Today, the US Army turns 243 years old; Happy Birthday Army!
To learn more about the formation and broad history of the Army, you can check out the history site of the US Army for more information. I would like to add that I was a part of the oldest branch of the Army (the Infantry). Just another bragging right the Infantry has over the rest of the Army 😉
However, this post isn’t just to say Happy Birthday to the Army or play the “my branch was better than yours” game; I am using this post to say “Thank you” to the US Army and highlight other means of doing your civic duty.
When I joined this aging organization I was a cocky, annoying, know-it-all teenager with no real direction in life. The Army set me on a path to success in life through hard work, discipline, self-sacrifice, and old-school grit. I truly believe if I hadn’t served the sometimes grueling, often times exhilarating, and always proud years in the Army, I wouldn’t be anywhere near the person I am today.
I do not believe military service is for everyone; some people simply aren’t built for the lifestyle (physically, emotionally, or mentally). That being said, it wouldn’t hurt for everyone to spend time in government service more suited to their interests and strengths. If you love nature, go work for a couple of years in the Forest Service; more about helping people in need find housing, HUD is for you; want to give back to veterans who sacrificed so much for so many, check out the Department of Veterans Affairs. Live and learn within these organizations so change can be affected by the masses instead of being afterthoughts in the minds of politicians during campaign season.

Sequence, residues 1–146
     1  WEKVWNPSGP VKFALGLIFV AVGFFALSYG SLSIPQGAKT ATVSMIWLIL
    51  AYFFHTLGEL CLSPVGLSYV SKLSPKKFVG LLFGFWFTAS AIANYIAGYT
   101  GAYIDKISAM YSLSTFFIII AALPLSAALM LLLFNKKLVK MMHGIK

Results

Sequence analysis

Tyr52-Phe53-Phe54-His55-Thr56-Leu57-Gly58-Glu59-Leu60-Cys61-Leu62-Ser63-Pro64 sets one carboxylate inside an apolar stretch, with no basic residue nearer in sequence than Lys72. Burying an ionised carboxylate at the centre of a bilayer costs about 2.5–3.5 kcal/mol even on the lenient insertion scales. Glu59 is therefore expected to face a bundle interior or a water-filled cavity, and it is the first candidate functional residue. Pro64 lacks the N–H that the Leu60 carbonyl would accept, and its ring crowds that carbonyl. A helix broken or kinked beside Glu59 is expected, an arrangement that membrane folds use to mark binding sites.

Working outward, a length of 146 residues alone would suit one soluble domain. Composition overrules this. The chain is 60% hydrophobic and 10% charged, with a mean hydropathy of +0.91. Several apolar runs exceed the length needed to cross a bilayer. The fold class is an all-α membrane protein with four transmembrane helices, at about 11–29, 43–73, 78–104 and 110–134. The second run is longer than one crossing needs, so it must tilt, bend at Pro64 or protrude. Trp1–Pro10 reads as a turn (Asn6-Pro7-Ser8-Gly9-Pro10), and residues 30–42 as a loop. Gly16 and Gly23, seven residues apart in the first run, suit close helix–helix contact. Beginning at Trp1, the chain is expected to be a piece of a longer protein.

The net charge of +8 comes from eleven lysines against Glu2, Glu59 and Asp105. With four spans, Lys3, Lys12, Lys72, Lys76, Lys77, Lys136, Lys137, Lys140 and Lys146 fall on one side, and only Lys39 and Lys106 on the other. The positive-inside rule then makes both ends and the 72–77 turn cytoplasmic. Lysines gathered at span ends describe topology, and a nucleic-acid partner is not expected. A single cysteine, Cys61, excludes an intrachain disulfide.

What do you get in return? A few things:
- A better understanding how these organizations are actually run on a day-to-day basis. We as a citizenry assume we know what is going on, but, in reality, so much of our government runs on policy and process unknown by the general public.
- A sense of civic pride and national identity. People will feel a sense of ownership in their government again because they gave a piece of themselves to keep it going and improve it.
- Maybe, just maybe, a program could be organized that after a minimal amount of service is completed, participants will receive funds for further education (you know, college or a trade school of the participants choice). Much like the GI Bill for the military, these funds are not likely to cover 100% of the cost of the education, but it would go a long way. And, no, you couldn’t withdraw the money to spend it on whatever you want.
Not sure if this “Civic Pride” idea will catch any fire, but it doesn’t hurt to share.
Happy birthday Army! Thank you for all you have done for me and I wish you many more years of proud service!
What are your thoughts on civic duty? Share your thoughts in the comments and don’t forget to like and share http://www.averageluke.com!